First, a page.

When the fullness persists
into the eighth year, then food begins
to flow gently, but insistently
your way. Your mother hands you
the fat from her bit of bison.
Your father hides the honey
from the younger children
and feeds it to you at night.
Your older brother appears with nuts
when you thought he was shooting.
All the while, they watch, hoping that you
are like the moon that grows.
If you are, if the rolls form on your neck,
if the dimpling begins before the blood
from between your legs, if you fruit well
even before you bear, then the ritual begins,
and only grows more intense with your girth.
Women who had been your aunties
will become your handmaidens.
As you grow, you will rise higher
above them, even as they come
to own you more. They will paint you
with the chalk of the white river
where you swell, with yellow
they will paint stripes
that meet and become circles.
With red they will paint your lips:
the lips of your mouth, of your vulva,
your nipples, your eyes.
With ash they will paint your folds,
which will become every day
more profound.

They will tempt you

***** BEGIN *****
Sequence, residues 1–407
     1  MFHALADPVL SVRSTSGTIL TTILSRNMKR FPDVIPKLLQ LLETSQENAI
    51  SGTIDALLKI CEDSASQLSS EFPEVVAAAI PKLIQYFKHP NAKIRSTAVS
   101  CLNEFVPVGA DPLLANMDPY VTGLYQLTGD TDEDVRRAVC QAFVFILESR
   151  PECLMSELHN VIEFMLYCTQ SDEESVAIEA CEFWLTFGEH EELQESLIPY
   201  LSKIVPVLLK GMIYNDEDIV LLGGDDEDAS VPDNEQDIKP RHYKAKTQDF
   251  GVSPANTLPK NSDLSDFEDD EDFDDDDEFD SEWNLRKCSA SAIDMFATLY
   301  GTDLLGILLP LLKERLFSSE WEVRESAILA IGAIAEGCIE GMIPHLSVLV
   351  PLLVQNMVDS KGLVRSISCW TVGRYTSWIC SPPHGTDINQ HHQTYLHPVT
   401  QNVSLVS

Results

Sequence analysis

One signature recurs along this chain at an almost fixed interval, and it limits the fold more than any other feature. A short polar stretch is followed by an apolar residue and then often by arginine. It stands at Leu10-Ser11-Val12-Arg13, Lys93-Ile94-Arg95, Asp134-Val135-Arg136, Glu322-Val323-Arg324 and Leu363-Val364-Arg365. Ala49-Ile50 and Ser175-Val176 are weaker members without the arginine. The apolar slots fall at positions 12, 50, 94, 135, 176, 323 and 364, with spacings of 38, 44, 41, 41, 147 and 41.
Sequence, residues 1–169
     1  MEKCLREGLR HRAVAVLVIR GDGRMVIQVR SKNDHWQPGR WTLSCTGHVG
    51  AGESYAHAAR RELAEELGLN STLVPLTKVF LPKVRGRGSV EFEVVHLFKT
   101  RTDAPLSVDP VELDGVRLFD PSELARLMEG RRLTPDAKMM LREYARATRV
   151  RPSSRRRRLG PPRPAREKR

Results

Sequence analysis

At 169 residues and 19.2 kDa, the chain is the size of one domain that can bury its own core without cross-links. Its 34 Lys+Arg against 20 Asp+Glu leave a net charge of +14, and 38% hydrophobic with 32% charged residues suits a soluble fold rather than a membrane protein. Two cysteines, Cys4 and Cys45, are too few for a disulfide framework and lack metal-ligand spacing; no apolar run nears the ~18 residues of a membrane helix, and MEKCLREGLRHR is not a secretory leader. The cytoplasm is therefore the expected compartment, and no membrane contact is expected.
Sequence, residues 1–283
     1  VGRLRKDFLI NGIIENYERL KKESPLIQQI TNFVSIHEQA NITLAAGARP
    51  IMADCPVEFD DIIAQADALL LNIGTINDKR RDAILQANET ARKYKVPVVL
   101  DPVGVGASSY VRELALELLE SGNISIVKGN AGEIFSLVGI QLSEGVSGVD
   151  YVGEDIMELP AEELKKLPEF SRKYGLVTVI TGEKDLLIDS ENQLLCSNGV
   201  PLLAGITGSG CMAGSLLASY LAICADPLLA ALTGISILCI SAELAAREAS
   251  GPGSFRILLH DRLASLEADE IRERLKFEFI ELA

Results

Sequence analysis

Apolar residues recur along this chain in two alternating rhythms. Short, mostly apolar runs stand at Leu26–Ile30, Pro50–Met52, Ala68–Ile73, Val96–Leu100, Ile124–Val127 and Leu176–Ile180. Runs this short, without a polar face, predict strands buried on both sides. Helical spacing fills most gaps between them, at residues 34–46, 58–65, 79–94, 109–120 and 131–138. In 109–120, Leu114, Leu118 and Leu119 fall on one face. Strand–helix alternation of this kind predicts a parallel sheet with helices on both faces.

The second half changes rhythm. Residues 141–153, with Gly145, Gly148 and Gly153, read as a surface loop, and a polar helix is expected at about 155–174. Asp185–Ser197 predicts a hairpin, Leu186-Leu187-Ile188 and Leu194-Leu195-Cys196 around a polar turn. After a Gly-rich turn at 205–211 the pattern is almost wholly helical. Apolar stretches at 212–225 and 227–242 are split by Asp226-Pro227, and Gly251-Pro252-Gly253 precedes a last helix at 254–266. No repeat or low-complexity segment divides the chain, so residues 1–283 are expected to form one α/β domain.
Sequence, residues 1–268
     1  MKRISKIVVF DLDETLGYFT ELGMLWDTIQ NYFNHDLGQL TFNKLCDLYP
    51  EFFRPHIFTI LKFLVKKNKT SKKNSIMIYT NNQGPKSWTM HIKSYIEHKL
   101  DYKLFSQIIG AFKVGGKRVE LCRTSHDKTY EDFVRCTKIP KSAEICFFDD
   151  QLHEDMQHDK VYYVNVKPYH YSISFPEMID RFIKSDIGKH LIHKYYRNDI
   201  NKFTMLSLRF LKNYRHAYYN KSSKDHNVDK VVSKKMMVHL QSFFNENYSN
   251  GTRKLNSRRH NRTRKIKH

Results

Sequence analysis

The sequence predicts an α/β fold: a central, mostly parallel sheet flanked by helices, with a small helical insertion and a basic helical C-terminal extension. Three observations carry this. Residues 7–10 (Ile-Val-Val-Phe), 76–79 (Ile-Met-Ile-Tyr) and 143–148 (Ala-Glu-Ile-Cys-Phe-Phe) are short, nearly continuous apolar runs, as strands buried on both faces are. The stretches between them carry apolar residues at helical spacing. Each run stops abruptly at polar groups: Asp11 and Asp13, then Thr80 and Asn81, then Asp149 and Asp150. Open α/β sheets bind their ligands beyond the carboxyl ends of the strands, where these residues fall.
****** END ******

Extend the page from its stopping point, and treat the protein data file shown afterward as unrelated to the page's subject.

with variety, with rarity.
If need be, they will restrain you
to send the nourishment
down your throat. You will eat
the tenderest shoots,
acorns ground past the aching of arms,
the soft bellies of insects, peeled.
Fires will be hazarded
to cook for you.
Because you eat it,
food will cease
to ebb and flow.
Everyone who knows anything will come
and show it, come and speak it to you.
You will hear some things many times over,
see the shapes of certain plants
in your sleep, hear stories
from the old men about
before and after.
And then, if you do not
rot, growing old yourself,
you will live through
that which you have never seen,
that which you have only heard.
The children will go first,
and those past bearing them.
The men who survive the women
will mate with you before they die,
and you alone will sail
through the bleakness
with your child inside you,
a laden barge.
The two of you will live
off of your flesh, which is not
your flesh, but the flesh
of your cousins and the
gazelles they have slain,
the flesh of your uncles
and the bulbous roots
they have placed before you.
Your baby will drink the milk
that is not your milk, but milk
you have been given to suckle
from other women.
You will carry the Venus
you have become
in your own girdle. The figure,
made of stone, will remind you
that your flesh will be borne
by anyone bearing flesh.
Your flesh, like the flesh
of the stone, will endure.

appeared in North American Review